Under the doctrine of vicarious liability, an employer is held responsible for the negligent acts of its employees that are committed while acting within the course and scope of employment. Thus, in most states in this country, hospitals are held responsible for the negligent acts or omissions of the doctors employed at those hospitals. However, the state of Colorado does not follow that general rule. Therefore, in Colorado, when a doctor commits medical malpractice, through a negligent act or omission that causes harm to a patient, the only way to obtain compensation for that misconduct is to sue the doctor personally.
A doctor can be held responsible for any injury negligently caused during surgery, or during post-surgical care. Similarly, any injury resulting from the ingestion of prescription medication, if caused by medical negligence of a doctor, could be grounds for a lawsuit. However, a patient should be mindful that, as a general rule, Colorado doctors will fight malpractice cases all the way to trial, rather than settle them. Doctors in Colorado are reluctant to settle, for many reasons, including the following: (1) Colorado juries tend to favor doctors over patients; (2) any settlement will likely raise a doctor's malpractice-insurance rates; (3) when a doctor settles a case, he/she must report the settlement to the Colorado Medical Board, which can take action against that doctor's medical license; and (4) every doctor who settles a case must post that settlement information on a public website.
Although Colorado hospitals generally cannot be held responsible for the negligence of doctors, hospitals can be held liable for the negligent acts or omissions of the nurses they employ. Thus, it is never necessary for an injured patient to sue the individual nurses who acted negligently, because he or she can sue the hospital. Although nurse negligence can occur in an infinite number of ways, common claims against nurses include the following: If a nurse fails to put up the guard rails, and a patient falls out of bed and suffers injury, the hospital is liable for the nurse’s negligence. Similarly, if a nurse administers the wrong medication, or the wrong dosage, and the patient is injured, the hospital is liable. Or, if a patient’s vital signs indicate that the patient is in distress, but the nurse fails to timely notify a doctor, and the patient dies or suffers serious injury, the hospital is liable.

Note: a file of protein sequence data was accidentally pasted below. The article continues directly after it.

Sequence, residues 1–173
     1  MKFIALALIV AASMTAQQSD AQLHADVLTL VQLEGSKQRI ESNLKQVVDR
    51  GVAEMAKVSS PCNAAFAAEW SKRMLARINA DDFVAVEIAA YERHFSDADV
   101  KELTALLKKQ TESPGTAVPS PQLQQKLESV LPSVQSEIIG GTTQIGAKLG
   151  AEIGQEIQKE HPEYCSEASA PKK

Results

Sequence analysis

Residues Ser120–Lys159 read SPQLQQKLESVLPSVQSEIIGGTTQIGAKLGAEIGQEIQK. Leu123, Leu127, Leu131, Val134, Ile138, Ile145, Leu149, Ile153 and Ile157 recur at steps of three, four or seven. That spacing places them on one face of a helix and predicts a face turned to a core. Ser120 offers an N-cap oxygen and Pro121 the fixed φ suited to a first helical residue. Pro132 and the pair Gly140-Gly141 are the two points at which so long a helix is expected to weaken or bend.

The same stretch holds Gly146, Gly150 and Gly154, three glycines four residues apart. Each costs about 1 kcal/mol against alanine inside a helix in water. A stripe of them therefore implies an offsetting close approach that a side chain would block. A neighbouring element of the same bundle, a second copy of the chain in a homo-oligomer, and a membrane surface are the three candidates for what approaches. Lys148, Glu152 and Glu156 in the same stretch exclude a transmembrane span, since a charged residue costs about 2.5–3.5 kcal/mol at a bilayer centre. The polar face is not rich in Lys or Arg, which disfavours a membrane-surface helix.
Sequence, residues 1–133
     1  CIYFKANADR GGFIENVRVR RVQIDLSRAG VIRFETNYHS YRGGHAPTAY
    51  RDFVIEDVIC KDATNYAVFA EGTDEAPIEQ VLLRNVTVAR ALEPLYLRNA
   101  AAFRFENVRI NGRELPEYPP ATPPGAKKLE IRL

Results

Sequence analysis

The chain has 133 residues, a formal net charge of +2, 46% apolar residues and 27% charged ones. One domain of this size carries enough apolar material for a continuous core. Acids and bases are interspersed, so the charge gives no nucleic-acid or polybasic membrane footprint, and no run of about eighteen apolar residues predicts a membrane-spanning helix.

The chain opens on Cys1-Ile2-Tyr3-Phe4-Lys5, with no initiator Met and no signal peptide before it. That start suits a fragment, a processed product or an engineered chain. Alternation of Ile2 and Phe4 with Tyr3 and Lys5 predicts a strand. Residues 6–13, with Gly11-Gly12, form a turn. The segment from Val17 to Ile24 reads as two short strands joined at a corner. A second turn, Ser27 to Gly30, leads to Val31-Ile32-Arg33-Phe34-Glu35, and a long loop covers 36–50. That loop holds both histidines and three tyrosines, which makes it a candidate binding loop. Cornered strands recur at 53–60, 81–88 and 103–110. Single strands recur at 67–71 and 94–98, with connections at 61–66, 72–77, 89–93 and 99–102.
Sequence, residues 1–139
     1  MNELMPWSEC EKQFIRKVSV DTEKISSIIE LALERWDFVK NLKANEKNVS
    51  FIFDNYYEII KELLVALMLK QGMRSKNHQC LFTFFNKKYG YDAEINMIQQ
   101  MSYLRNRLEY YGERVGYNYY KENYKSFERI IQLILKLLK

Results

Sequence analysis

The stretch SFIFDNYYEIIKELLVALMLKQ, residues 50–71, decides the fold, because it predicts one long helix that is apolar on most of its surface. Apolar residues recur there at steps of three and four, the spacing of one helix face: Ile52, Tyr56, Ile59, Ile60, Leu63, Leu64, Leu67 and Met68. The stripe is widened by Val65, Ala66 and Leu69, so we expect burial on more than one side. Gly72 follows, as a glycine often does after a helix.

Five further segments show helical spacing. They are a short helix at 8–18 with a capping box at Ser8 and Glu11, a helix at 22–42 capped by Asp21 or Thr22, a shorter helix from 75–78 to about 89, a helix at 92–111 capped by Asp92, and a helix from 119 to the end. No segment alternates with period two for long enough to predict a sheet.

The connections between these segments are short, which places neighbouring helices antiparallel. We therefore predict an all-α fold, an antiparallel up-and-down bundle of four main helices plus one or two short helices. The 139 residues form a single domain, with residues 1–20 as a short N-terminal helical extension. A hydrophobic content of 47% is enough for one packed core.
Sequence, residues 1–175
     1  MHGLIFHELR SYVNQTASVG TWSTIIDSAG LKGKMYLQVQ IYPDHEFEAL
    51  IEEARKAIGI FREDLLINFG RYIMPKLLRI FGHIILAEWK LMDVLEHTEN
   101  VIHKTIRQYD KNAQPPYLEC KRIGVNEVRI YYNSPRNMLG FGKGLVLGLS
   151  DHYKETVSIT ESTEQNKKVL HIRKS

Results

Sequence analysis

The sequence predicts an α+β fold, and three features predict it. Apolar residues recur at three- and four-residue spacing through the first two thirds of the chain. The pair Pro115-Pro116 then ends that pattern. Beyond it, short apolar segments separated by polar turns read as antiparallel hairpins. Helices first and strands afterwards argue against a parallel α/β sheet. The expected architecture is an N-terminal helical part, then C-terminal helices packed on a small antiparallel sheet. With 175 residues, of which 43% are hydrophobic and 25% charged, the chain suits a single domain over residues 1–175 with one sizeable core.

Even in those states that don’t hold hospitals liable for doctor malpractice, a hospital can still be held responsible, in some situations, for the negligence of a doctor. Most commonly, a hospital can be held directly liable for negligently granting a doctor the privilege to perform the procedure in which the patient was injured. If the negligent doctor clearly lacked the training and experience to perform the procedure in question, or else had a record of disciplinary or patient complaints showing that he was clearly not competent to perform that procedure, then the hospital itself acted negligently in granting that doctor the privilege of performing that procedure at its facility. And, if privileges had not been granted to the negligent doctor, then the patient would not have been injured. Under such circumstances, the hospital can be held directly liable for the patient’s injuries.
It is not always clear whether the patient should sue the doctor, the hospital, or both. It is always best to discuss this matter with an attorney before moving forward.
The answer is intended to be for informational purposes only. It should not be relied on as legal advice, nor construed as a form of attorney-client relationship.
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